Wa­ter quest taps Brown’s fam­ily roots


Gov. Jerry Brown in­creas­ingly seems to be draw­ing from the past, in­spired by his pi­o­neer­ing fore­bears and com­par­ing their strug­gles with his own.

They had much tougher lives, he tells au­di­ences. Surely if they could cross the Plains in cov­ered wag­ons, tame the land and fight mos­qui­toes, he can dig two big wa­ter tun­nels and erect a bul­let train.

And re­mem­ber that Pres­i­dent Lin­coln, Brown some­times adds, boldly au­tho­rized con­struc­tion of the transcon­ti­nen­tal rail­road while wag­ing the Civil War.

Never mind that Abe and the rail­road­ers stole much of the Western right-of-way from In­di­ans.

These days, it’s not that easy. Many farm­ers around Bak­ers­field are re­fus­ing to sell out for high-speed rail. And peo­ple in the San Fer­nando Val­ley also have be­gun ve­he­mently

buck­ing the bul­let train.

In the bu­colic Sacra­mento-San Joaquin River Delta, where Brown wants to bore the hu­mon­gous wa­ter tun­nels, grow­ers and recre­ation­ists are riled up and bat­tling back.

These ob­sta­cles are noth­ing that can’t be over­come by grit, the gov­er­nor im­plies.

Speak­ing to hun­dreds of busi­ness lead­ers at an an­nual break­fast in Sacra­mento last week, Brown dis­missed the con­cept of per­fec­tion.

“What we need in the govern­ment is to build these big in­fra­struc­ture projects, take care of the ba­sic needs but don’t at­tempt to recre­ate and rein­vent the world in some utopian ef­fort to make ev­ery­thing all per­fect,” he said. “It’s not per­fect. It’s messy. There’s suf­fer­ing. In the end, we all die. When you’re 77, by the way, that’s a lit­tle more im­mi­nent than it was when I spoke to you 40 years ago.”

Brown added: “I think it is very good to chan­nel our fore­bears, who had a much tougher life with a lot less re­ward, a lot less lit­tle plea­sures. … It was work and work all the time. But they built it. … And so it’s our des­tiny and our duty to build on it.”

In that lat­ter com­ment, the gov­er­nor prob­a­bly was think­ing of his late fa­ther, Gov. Pat Brown. If his dad more than half a cen­tury ago could lead Cal­i­for­nia into build­ing a world-class wa­ter project over fierce north­ern op­po­si­tion and south­ern ap­a­thy, the son be­lieves, cer­tainly he can com­plete that trou­bled sys­tem with the delta tun­nels.

But since the 1960s, en­vi­ron­men­tal­ists have wit­nessed the State Wa­ter Project’s eco­log­i­cal dam­age, es­pe­cially to the salmon fish­ery, and also seen that there’s re­ally no quench­ing of Cal­i­for­nia’s thirst, no mat­ter how many rivers and wet­lands are drained.

Per­haps it’s time to ex­pe­dite our fo­cus on de­sali­na­tion, re­cy­cling and more ju­di­cious use of wa­ter. Also, se­ri­ously get go­ing on some much gabbed-about new reser­voirs.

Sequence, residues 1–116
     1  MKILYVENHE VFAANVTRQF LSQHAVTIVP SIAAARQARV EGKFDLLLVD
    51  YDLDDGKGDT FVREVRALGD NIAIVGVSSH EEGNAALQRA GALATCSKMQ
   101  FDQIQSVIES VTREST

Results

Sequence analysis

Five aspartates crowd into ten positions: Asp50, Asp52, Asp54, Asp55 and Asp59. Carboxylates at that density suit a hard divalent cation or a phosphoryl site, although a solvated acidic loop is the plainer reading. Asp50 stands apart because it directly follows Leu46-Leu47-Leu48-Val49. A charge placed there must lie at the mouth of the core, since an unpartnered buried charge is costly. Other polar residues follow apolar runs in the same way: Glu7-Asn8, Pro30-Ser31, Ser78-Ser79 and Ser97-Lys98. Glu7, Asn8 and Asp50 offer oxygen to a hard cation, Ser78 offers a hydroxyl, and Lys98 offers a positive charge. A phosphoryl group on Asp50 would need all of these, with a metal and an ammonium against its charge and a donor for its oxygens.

Re­gard­less, Brown is on a mis­sion in­spired by his fam­ily’s past.

When peo­ple ask how Brown has changed since he first was gov­er­nor in his 30s, one an­swer is that he now shows re­spect for his fore­bears.

Back then, he prac­ti­cally ig­nored his fa­ther. And I don’t re­call his ever men­tion­ing the pi­o­neers.

Re­turn­ing to his roots, the gov­er­nor and his wife, Anne Gust Brown, spent the long Me­mo­rial Day week­end in a small cabin he had built on 2,700 acres of iso­lated fam­ily-owned prop­erty in Co­lusa County.

“Right at the very spot where my fa­ther’s grand­fa­ther started a stage stop and ho­tel,” Brown told the busi­ness lead­ers.

“It’s hot, there are a lot of mos­qui­toes and when he was there, Au­gust Schuck­man, … there was no well. They had to col­lect the wa­ter on the roof and put it in a cis­tern. There was no elec­tric­ity. … The guy … lived there 35 years, died there at the age of 80.

“I’d get up in the morn­ing — it’s sur­rounded by very unique moun­tains — and as the sun comes over, I just kept think­ing about this guy, what he went through. … He had to get on a boat in Ger­many, come all the way over here on a cov­ered wagon.”

The gov­er­nor’s cabin — ba­si­cally a crude shel­ter — also has no elec­tric­ity. Or even a toi­let. There’s a nearby out­house.

But what was ac­cept­able to peo­ple liv­ing in the 1800s — or even politi­cians de­vel­op­ing wa­ter projects a half­cen­tury ago — could be sig­nif­i­cantly up­graded for life in the 21st cen­tury.

U.S. Rep. John Gara­mendi (D-Wal­nut Grove), for ex­am­ple, has been try­ing to push a cheaper, sim­pler, less land-de­struc­tive al­ter­na­tive to Brown’s delta plan. The gov­er­nor wants to bur­row two 40-foot-wide, 35-mile tun­nels un­der the delta, si­phon­ing fresh wa­ter from the Sacra­mento River to south­bound aque­ducts at a cost of $17 bil­lion.

Gara­mendi, a former lieu­tenant gov­er­nor, ad­vo­cates us­ing what’s al­ready there: 25 miles of a ship chan­nel that skirts the west side of the delta from West Sacra­mento. He’d add on a smaller, 12-mile un­der­ground pipe to the aque­ducts. The wa­ter would be fresher, he says, and the cost about one-third of the tun­nels.

State wa­ter of­fi­cials have re­jected the con­cept, say­ing it would harm en­dan­gered smelt — what few fish re­main — and also in­ter­fere with ship­ping. Gara­mendi dis­misses both ar­gu­ments and notes only about 30 ships a year use the chan­nel any­way.

“They’re stuck on the tun­nels,” Gara­mendi says. “The gov­er­nor is a dif­fi­cult per­son to talk to. He seems to be dig­ging him­self in more firmly.”

It’s ad­mirable that Brown draws strength from his fore­bears’ guts and re­solve. But he should also re­mem­ber that they were flex­i­ble and open to new ideas.

When Great-Grand­fa­ther Schuck­man re­turned to Ger­many to marry, he ditched the cov­ered wagon on his way back to Cal­i­for­nia and sailed around Cape Horn.

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